Love Letters to Movement Leaders: Mia Yamamoto

Dear Mia Yamamoto,

You are a powerhouse. You are an inspiration to all of the queer and trans Asian American youth who are beginning to navigate their personal journeys as activists. This love letter is dedicated to you, Mia, in gratitude for your life and your commitment to fighting against incarceration, racism, and transmisogyny.

You were born in a Japanese incarceration camp in Poston, Arizona in 1943. You spent the first years of your life in that World War II prison camp, but you and your family would later find a way to resettle in East Los Angeles. It was there where you would endure the toxic masculinity of the military and eventually join anti-war efforts.

Despite all of this, you knew you wanted to follow in your father’s footsteps and become a lawyer. Like me, attending community college was the only way for you to pursue higher education. You worked your way to UCLA’s School of Law and once there co-founded the Asian Pacific Islander Law Student Association, organized with Black and Latinx student unions to hire more faculty of color, establish ethnic studies courses, and provide resources to students of color. You showed everyone that low-income community college students of color like us can not only succeed, but we make those institutions do better.

As a lawyer, you committed to using your career to combat the inequities faced by communities of color. You spent the first ten years of your career as a public defender, and in 1984 you opened your own practice. You and your Black and Latinx colleagues created the Multicultural Bar Alliance in an attempt to build solidarity between communities in response to the brutal murder of Latasha Harlins in 1991. Since then, you have continued to build a career as a leading criminal defense attorney, representing and supporting trans people.

It wasn’t until 2003, nearly 16 years ago, that you would come out as trans yourself. You risked losing everything: your friends, family, clients, and even your life when you made the difficult decision to publicly transition at age 60. A choice that made you the first openly transgender lawyer in California. Thank you for using your vulnerability and visibility to show young activists that Asian American trans elders, who are so often erased from history, are indispensable members of our movement.

ABOVE: A still of Mia Yamamoto (middle right) from video “Liberation Day”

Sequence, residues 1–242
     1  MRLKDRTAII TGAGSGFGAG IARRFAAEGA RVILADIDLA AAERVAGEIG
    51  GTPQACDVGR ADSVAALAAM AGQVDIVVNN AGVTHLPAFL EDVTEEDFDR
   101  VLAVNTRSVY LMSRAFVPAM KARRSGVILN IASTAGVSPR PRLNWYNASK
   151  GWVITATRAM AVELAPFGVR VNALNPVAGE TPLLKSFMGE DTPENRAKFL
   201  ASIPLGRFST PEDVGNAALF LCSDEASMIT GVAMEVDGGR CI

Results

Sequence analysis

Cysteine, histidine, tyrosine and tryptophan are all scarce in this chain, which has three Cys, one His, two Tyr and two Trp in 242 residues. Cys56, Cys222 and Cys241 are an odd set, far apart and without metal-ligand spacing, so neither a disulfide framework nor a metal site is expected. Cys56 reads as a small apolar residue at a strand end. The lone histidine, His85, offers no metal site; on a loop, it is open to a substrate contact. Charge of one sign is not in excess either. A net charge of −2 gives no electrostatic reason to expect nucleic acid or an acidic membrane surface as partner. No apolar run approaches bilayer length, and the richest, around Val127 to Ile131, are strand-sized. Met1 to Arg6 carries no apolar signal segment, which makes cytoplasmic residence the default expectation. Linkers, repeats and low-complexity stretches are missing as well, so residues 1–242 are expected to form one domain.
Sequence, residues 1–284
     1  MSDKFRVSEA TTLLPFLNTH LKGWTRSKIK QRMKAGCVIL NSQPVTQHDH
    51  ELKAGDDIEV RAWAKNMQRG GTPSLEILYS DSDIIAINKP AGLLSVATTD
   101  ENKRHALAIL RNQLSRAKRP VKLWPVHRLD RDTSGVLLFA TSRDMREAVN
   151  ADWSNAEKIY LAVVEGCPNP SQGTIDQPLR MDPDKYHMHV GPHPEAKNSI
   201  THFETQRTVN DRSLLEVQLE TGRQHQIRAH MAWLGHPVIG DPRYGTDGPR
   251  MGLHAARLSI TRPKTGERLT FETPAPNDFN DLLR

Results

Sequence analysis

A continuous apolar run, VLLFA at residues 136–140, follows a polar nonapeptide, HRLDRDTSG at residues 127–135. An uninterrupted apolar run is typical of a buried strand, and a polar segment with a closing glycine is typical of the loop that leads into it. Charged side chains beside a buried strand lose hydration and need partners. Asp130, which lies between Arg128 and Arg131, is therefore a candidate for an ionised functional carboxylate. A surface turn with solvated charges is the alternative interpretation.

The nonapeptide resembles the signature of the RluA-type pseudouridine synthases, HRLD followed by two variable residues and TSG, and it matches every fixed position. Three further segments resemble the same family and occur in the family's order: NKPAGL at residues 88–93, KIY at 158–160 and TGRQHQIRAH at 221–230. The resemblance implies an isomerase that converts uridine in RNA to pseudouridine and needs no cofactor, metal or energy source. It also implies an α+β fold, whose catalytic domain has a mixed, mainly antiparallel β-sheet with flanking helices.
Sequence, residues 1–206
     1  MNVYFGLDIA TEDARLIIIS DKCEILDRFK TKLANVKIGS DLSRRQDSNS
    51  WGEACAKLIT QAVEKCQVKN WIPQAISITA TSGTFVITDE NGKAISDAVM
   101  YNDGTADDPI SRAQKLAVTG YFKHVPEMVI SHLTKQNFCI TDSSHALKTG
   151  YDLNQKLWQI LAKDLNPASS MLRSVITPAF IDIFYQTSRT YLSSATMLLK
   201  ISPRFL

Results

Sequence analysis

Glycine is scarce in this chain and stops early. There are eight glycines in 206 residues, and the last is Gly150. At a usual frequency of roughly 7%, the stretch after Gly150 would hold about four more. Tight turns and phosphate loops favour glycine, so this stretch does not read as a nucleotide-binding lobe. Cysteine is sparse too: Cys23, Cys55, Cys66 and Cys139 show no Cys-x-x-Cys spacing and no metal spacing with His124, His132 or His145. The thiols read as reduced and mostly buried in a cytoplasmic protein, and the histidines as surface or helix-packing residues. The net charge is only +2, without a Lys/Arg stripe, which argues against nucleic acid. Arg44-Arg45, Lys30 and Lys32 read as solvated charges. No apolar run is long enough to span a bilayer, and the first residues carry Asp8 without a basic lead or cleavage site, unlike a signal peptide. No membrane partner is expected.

This year, I was fortunate to meet you in person as we boarded the Vigilant Love bus in Little Tokyo. That morning we introduced ourselves to one another as two nikkei daughters, together making the annual pilgrimage to the Manzanar incarceration camp for the first time. You told me:

“Imagine that we are getting into this bus right now, and have no idea where we are going, what is waiting for us, or how long we’ll be there.”

ABOVE: Mia Yamamoto (left) and Bianca Nozaki-Nasser (right)

Unfortunately, I do imagine this, all the time. As a Japanese-Lebanese-Syrian-American, my family has been personally affected by both Japanese incarceration and the current wave of Islamophobic policy and violence. Your decades of work remind us that we are not currently experiencing a particularly violent moment in time. Rather, we are living through a continued history of persecution, discrimination, and violence. The horrors of mass incarceration have been, and continue to be, the reality for many. This moment of reflection with you is an affirmation that we cannot be free until our queer, trans, black, brown, and Muslim siblings are also free.

ABOVE: Mia Yamamoto addressing the Vigilant Love Bus by Daren Mookoe

For all these reasons, I want to thank you for continuing to show up, Mia. Thank you for getting up at 5:00 am that morning to board that bus in Little Tokyo with me. Thank you for speaking to us and making sure that the next generation of Asian American activists knows our history. Thank you for letting us know how much work is still left to do.

Today, you are still tirelessly working in Los Angeles, using your practice to advocate for people whose lives have been impacted by the criminal justice system and partnering with International Bridges to Justice, bringing legal aid to any incarcerated person.

We are grateful for your commitment, passion, and willingness to share your story, your work, and yourself with us. Thank you, Mia.

-Bianca, 18 Million Rising

This Love Letters to Movement Leaders series is a part of a collection of love letters that will be released throughout 2018 and 2019.

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